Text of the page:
Rate cutting cycle nears end

The Reserve Bank has surprised financial markets by shifting to a less dovish stance even as it cut interest rates to help stimulate an economy adjusting to the end of the resources boom.

The Reserve Bank has surprised financial markets by shifting to a less dovish stance even as it cut interest rates to help stimulate an economy adjusting to the end of the resources boom.

The RBA eased the cash rate by 25 basis points to 2.5 per cent on Tuesday, the first time in an election cycle the central bank has cut rates since it started publishing an official cash rate more than two decades ago.

The Australian dollar jumped half a cent to US89.71¢, with markets interpreting Reserve Bank governor Glenn Stevens' statement as a move towards a neutral bias on rates. It was buying US89.9¢ late on Tuesday.

Banks were quick to pass on the cut in full, bringing down mortgage rates to their lowest levels since the financial crisis. Even after Tuesday's cut Australia has some of the highest cash rates in the developed world.

"In Australia, the economy has been growing a bit below trend over the past year. This is expected to continue in the near term as the economy adjusts to lower levels of mining investment," Mr Stevens said of the cut, which was widely expected in markets.

Even so analysts narrowed in on comments that were missing in Tuesday's statement, which suggested the rate-cutting cycle may be coming to an end.

Previous monthly statements by the governor had noted the outlook for inflation may "provide some scope for further easing", but Tuesday's statement was silent on this issue.

Analysts said the Reserve Bank appeared to shift back to a wait-and-see mode, with further moves likely to be data dependent.

"The case for the next rate cut - should there be one - needs to be built from scratch," Deutsche Bank's chief economist Adam Boyton said.

"The lack of any forward guidance in the final paragraph has us concluding the statement is a little less dovish than the market might have been expecting."

ANZ's chief economist for Australia, Ivan Colhoun, said the statement was "an evolution of recent thinking rather than a revolution", with markets set to analyse the RBA's statement on monetary policy, to be released on Friday, for further guidance on the central bank's outlook.

The rate cut came as ANZ's latest job advertisements series found job ads had fallen for the fifth straight month in July, another sign of a weakening labour market. Job ads were 8 per cent lower than at the start of the decline in February.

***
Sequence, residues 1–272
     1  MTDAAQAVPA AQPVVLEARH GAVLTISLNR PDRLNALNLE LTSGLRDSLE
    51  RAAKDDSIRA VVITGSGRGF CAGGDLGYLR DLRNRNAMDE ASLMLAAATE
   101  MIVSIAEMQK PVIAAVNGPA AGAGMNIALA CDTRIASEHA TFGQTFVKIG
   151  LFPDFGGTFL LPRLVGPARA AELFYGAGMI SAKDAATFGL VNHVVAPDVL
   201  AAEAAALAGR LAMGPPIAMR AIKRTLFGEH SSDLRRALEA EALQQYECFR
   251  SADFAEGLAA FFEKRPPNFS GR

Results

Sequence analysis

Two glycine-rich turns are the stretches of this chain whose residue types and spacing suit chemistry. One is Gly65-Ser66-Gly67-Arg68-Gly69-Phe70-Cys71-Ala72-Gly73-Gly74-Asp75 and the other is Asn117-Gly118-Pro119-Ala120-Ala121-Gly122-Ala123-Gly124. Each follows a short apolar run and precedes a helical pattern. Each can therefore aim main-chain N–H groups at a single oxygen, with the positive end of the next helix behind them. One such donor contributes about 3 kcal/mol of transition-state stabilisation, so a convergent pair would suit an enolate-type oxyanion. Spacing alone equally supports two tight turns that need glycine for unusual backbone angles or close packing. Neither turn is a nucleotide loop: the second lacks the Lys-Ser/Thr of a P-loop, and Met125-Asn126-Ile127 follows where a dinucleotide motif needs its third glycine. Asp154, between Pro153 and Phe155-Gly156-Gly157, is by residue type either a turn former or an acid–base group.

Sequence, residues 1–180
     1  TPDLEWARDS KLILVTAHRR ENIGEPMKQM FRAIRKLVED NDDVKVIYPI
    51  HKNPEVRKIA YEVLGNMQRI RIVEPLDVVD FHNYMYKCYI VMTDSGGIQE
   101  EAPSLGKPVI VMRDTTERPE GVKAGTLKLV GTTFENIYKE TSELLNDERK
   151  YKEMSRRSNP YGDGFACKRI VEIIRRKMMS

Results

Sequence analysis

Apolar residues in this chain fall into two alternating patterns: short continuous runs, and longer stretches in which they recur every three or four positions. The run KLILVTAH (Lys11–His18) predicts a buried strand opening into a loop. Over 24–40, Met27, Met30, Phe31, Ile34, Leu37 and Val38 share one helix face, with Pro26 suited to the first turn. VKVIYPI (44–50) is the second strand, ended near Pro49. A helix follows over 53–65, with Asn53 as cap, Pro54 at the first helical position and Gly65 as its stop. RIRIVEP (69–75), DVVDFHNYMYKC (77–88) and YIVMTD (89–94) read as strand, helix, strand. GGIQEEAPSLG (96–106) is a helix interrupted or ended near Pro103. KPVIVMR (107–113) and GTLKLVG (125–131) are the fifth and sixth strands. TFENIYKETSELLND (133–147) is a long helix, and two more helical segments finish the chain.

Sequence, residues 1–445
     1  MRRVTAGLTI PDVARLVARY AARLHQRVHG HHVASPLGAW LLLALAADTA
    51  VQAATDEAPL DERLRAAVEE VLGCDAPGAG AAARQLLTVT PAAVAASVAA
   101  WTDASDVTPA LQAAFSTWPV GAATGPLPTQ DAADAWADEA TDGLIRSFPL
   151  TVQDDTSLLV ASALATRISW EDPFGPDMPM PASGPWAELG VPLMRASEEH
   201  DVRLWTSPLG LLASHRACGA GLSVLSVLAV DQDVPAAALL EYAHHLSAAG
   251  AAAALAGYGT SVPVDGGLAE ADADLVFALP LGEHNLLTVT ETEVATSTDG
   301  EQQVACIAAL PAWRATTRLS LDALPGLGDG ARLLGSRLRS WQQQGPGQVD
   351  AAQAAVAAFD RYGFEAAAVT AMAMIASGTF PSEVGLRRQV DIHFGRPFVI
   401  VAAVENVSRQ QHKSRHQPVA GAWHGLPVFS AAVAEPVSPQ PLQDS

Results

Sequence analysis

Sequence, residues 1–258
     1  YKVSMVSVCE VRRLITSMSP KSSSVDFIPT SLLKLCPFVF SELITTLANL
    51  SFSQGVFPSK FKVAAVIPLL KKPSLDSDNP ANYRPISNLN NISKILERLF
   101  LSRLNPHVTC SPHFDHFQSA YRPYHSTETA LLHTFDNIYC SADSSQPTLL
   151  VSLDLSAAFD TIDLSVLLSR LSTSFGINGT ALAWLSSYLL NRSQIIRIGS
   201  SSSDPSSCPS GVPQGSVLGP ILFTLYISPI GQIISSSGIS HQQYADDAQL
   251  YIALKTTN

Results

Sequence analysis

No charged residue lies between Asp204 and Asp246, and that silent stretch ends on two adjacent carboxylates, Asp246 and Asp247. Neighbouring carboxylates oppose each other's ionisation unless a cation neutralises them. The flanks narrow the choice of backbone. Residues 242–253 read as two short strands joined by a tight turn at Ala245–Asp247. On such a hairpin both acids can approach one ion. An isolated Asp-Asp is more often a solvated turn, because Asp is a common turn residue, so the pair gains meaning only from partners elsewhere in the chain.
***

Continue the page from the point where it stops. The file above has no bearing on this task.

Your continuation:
The soft forward indicator for employment comes two days before the Australian Bureau of Statistics releases its jobless rate for July. Economists forecast an unemployment rate rise of 0.1 percentage points to 5.8 per cent. The RBA's less dovish bias, coupled with a federal election on September 7, meant another cut at the board's next meeting on September 3 was unlikely unless there was a sharp deterioration in the economy, analysts said.

"We are of the view today's cut could be the last for this easing phase, as the lower dollar is doing a lot of the work for the RBA and is also an upside risk to the inflation outlook," HSBC chief economist for Australia Paul Bloxham said.

UBS chief economist Scott Haslem said while he expected the RBA to remain on hold for several months, there was "little doubt in our minds that the RBA retains an easing bias, given the rising trend in unemployment and an Australian dollar that is still seen to be high.

"If we don't see some improvement in the leading indicators of the economy, such as job ads and business conditions - or the Australian dollar sustains a move higher again - the RBA will likely have some further work to do either late this year or early 2014."

The Australian dollar could recover to trade within the range of US90¢ to US93¢ as financial markets unwind their expectations of further near-term cuts, RBS senior currency strategist Greg Gibbs said after Tuesday's currency bounce.

"The RBA is back in watch-and-wait mode. They would like to keep the Australian dollar low, but probably understand that cutting rates too quickly will be counterproductive," he said.

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